It seems intuitive to think that if the distribution of political power shifts, law eventually follows, as new powers want political changes to ultimately be reflected in the law. However, established actors typically want the law to remain stable and therefore resist legal change. When and how are shifts in global power structure then brought into international law?
One of the greater shifts in geopolitics in recent history has been the rise of China, and it has put the international order under significant strain. The question this chapter will explore is to what extent this shift has resulted in change in international law, and especially in world trade law. The WTO has been a key arena of conflict between the US and China in recent years, well before the Trump years. What happens when a new, potentially powerful, (state) actor enters the scene of an already existing and established legal regime such as international trade law? How did China, whose international trade law profession was underdeveloped (or virtually non-existent) prior to its accession to the WTO, manage to use the WTO dispute settlement system to push for change.
International trade law is a particularly suitable field for an inquiry into the effects of geopolitical shifts on international law, because—especially in the form it found in the WTO Agreements—it is widely seen as a reflection of a particular economic vision associated with the dominant powers of the 1990s. The WTO Agreements tend towards neoliberal market liberalization, mainly due to pressure from the US and, to an extent, the European Union during the Uruguay Round. Developing countries challenged this dominance in the Doha Round and prevented the further extension of this approach through treaty-making, but they did not achieve a rebalancing on this route either as negotiations largely ended in gridlock. Meanwhile, societal contestation—particularly in the area of environmental regulation—has created legitimacy issues for the WTO, adding to the pressures the organization finds itself under, but has not led to formal changes in existing agreements either.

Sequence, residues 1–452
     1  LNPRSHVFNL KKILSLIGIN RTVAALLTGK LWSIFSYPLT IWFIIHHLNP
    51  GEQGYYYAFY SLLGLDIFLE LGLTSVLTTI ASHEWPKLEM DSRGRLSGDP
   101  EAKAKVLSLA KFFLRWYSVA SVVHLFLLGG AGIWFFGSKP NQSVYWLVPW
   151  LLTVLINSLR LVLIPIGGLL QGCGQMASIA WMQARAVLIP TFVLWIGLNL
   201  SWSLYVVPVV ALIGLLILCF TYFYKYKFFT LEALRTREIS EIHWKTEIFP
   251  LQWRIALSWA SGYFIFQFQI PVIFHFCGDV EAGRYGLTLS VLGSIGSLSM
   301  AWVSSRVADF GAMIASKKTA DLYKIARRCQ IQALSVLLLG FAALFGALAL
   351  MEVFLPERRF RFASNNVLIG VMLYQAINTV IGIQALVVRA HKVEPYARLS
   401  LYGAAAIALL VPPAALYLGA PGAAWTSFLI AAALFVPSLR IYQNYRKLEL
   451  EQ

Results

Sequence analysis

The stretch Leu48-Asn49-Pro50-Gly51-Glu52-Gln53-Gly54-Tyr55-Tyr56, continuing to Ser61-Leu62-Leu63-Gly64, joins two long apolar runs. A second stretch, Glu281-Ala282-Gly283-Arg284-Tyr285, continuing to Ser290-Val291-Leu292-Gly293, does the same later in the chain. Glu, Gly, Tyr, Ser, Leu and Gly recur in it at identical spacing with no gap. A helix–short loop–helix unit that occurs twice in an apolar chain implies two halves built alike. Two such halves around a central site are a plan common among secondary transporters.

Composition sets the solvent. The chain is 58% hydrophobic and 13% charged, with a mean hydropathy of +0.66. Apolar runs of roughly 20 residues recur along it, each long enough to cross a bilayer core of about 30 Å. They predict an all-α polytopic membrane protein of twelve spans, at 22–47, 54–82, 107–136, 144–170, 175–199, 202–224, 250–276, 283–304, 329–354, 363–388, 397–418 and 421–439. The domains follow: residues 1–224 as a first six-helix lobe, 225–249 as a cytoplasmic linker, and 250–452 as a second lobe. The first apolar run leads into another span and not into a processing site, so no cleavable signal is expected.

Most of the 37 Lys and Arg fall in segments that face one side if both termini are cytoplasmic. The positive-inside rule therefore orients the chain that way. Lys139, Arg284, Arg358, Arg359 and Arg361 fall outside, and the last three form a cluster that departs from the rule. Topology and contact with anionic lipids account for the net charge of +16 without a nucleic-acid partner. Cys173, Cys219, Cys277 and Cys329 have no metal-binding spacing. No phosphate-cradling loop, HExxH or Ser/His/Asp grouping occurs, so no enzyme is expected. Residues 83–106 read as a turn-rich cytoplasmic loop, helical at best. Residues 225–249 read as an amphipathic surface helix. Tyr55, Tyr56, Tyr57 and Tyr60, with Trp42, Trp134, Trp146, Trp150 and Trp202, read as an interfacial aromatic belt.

Yet, change in trade law does not necessarily have to come through state-led processes. In fact, this field of international law is particular not only because of its ideational orientation, but also because of the centrality of the ‘judicial’ path of change, embodied in the WTO dispute settlement system and the jurisprudence of the panels and the Appellate Body (AB). In light of the clogged nature of state or multilateral paths, the focus for change agents in this field soon shifted towards the judicial path, and it is here that we have seen most movement, especially under the influence of the AB from the mid-1990s until 2019, when the AB itself became blocked as the US prevented the appointment of new members. Change processes in world trade law over the past decades have then also largely come about through shifts in the interpretation by WTO dispute settlers.